Both the stock and bond markets are partying like its 99 again. Fannie Mae, the largest buyer of US mortgages, is not buying into the theory that a soft landing is the base case for the economy. What is Fannie Mae predicting for inflation and in turn interest rates? Will the supply issues cushion real estate price declines? Why is Fannie Mae predicting a different outcome than the rest of the market?
Fannie Mae has unique insight into the market.
I always read Fannie Mae’s economic commentary. As the largest buyer of mortgages, they have a unique market prospective as they can see forward looking data on purchases, refinances, lates, etc… This gives them a unique perspective to predict the future of residential real estate and in turn the economy.
What is Fannie Mae predicting on inflation and the economy?
The stock market is fully pricing in a soft landing as their base case scenario after the last inflation reading. Fannie Mae isn’t fully buying this prediction:
While the latest data on inflation has provided reason for optimism, less favorable base effects are likely to slow further progress in reducing annual inflation to the preferred 2-percent target, according to the July 2023 commentary from the Fannie Mae (FNMA/OTCQB) Economic and Strategic Research (ESR) Group. Given the low rate of productivity gains, wage growth appears to remain too high for inflation to near its target rate anytime soon, and so the ESR Group is forecasting another rate hike later this month and even tighter monetary policy through the end of the year.
What is Fannie Mae predicting on interest rates?
With inflation continuing to exceed the federal reserve targets, interest rates look to remain above expectations as well through the next 18 months. Fannie Mae is predicting rates to be around 7 percent for the remainder of the year and falling to around 6 percent next year.
Doug Duncan, Senior Vice President and Chief Economist, Fannie Mae. “The decline in headline inflation is encouraging, but year-over-year measures will work against further progress in the second half of 2023. Thus, we expect the Federal Reserve will stick to ‘higher-for-longer’ policy after one or two more quarter-point increases, until they conclude that the core inflation rate is sustainably at their 2-percent target. Putting aside any temporary volatility, we expect mortgage rates to stay higher as well. While spreads have come in a bit recently, they remain well above longer-term levels and that means rates for consumers will likely stay elevated.”
High mortgage rates are an indicator that the federal reserve will keep monetary policy tight through 2024 and they are not predicting a quick reversal with substantial rate cuts in the next 18 months.
Housing will provide a cushion for the economy.
Currently there continues to be an inventory shortage in most markets. Building has not kept pace with demand for several years. Furthermore, ultra-low locked in interest rates are keeping most sellers on the sidelines. These two factors are keeping housing prices high as there is no excess inventory from continued building and very little movement in existing housing stock.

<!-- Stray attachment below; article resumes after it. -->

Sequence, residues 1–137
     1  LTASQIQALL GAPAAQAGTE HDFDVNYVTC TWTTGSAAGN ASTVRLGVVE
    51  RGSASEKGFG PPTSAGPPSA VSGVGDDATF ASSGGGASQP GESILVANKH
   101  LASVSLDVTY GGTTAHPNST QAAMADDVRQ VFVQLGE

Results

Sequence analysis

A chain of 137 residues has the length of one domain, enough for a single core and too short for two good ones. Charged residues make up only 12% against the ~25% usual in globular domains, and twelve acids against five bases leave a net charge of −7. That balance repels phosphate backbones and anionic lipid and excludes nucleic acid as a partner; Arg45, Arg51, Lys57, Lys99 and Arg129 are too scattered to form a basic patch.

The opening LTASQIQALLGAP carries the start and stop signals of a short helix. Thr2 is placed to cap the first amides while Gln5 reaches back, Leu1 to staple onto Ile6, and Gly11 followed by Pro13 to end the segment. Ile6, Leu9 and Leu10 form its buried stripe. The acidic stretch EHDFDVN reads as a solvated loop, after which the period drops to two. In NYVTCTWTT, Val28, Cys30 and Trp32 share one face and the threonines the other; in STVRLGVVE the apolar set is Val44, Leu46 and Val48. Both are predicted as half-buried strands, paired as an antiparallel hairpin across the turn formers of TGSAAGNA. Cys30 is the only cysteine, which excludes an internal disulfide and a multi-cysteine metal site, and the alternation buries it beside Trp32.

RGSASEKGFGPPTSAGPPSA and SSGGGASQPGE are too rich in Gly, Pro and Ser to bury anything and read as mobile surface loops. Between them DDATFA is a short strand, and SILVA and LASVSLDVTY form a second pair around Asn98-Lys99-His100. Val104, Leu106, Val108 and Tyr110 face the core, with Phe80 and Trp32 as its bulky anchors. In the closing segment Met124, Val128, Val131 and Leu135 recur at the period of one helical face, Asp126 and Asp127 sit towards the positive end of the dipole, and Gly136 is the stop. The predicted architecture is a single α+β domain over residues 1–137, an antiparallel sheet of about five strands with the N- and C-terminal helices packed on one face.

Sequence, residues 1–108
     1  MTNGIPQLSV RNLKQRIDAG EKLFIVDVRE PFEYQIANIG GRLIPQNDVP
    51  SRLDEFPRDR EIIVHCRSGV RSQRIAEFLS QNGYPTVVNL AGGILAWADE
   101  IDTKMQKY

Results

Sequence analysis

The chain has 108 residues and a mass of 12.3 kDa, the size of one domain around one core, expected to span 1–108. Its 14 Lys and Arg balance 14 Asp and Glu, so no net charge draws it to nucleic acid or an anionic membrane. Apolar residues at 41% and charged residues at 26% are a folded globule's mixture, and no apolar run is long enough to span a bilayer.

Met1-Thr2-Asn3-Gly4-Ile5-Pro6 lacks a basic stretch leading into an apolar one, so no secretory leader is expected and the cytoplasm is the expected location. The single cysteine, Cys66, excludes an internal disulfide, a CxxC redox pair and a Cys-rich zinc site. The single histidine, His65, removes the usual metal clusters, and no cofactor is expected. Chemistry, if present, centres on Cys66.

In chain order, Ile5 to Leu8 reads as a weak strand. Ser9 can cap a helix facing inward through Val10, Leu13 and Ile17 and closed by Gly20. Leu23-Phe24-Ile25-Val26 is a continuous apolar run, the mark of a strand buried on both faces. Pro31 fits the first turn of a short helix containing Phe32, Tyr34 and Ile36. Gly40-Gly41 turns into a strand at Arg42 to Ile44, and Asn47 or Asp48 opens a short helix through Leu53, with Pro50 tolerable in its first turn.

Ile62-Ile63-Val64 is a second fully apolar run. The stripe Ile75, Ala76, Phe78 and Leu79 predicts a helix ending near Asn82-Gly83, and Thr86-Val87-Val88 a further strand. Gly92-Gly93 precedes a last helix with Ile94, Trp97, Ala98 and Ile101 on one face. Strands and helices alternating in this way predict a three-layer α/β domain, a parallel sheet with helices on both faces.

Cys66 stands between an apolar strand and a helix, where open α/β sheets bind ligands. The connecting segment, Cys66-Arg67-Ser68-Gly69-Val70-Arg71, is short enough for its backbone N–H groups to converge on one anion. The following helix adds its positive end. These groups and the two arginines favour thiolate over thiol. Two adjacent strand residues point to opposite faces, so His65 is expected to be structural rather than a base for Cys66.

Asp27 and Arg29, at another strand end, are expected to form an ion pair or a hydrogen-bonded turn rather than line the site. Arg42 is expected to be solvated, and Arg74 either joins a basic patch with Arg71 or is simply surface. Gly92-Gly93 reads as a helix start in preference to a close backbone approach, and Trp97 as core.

“As we noted in our April 2022 forecast, whether there is a mild recession (our base case) or a soft landing, the supply issues in housing will provide a downside cushion for economic activity. That is playing out quite close to forecast on existing homes, but new construction has been even more supportive than we expected.”
The lack of inventory should provide a cushion for the upcoming downturn as housing prices should not collapse like in 2008.
Although the stock markets are partying like is it 99, Fannie Mae is not buying the optimism as their base case is a mild recession early next year. The root cause of the upcoming recession will ultimately be tighter monetary policy through higher rates that will ultimately flow through the economy. Mortgage rates will stay much higher for considerably longer than the market is currently predicting, which will ultimately lead to more downside risk to prices.
Fortunately, inventory continues to remain constrained which will limit how far prices will fall and ultimately prevent a 2008 rerun. Although the lack of inventory will put a floor under real estate prices, we are not totally out of the woods yet. I’m already starting to see an increase in lates/defaults that will eventually lead to foreclosures and a downward adjustment in prices. Fortunately, I don’t see a 2008 rerun in the cards as the adjustments look to be in the 10-20% range as opposed to almost 50% in some markets in the last cycle.
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Written by Glen Weinberg, COO/ VP Fairview Commercial Lending. Glen has been published as an expert in hard money lending, real estate valuation, financing, and various other real estate topics in Bloomberg, Businessweek ,the Colorado Real Estate Journal, National Association of Realtors Magazine, The Real Deal real estate news, the CO Biz Magazine, The Denver Post, The Scotsman mortgage broker guide, Mortgage Professional America and various other national publications.
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